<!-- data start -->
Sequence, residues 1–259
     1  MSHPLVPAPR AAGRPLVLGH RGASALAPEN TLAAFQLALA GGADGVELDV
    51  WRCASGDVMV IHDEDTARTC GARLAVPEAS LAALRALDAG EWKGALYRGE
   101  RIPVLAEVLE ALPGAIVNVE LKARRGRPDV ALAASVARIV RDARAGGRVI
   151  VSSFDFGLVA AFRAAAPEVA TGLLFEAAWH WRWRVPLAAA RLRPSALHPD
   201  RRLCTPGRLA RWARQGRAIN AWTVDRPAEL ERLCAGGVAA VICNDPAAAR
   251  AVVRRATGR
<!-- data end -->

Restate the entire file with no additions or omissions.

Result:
Sequence, residues 1–259
     1  MSHPLVPAPR AAGRPLVLGH RGASALAPEN TLAAFQLALA GGADGVELDV
    51  WRCASGDVMV IHDEDTARTC GARLAVPEAS LAALRALDAG EWKGALYRGE
   101  RIPVLAEVLE ALPGAIVNVE LKARRGRPDV ALAASVARIV RDARAGGRVI
   151  VSSFDFGLVA AFRAAAPEVA TGLLFEAAWH WRWRVPLAAA RLRPSALHPD
   201  RRLCTPGRLA RWARQGRAIN AWTVDRPAEL ERLCAGGVAA VICNDPAAAR
   251  AVVRRATGR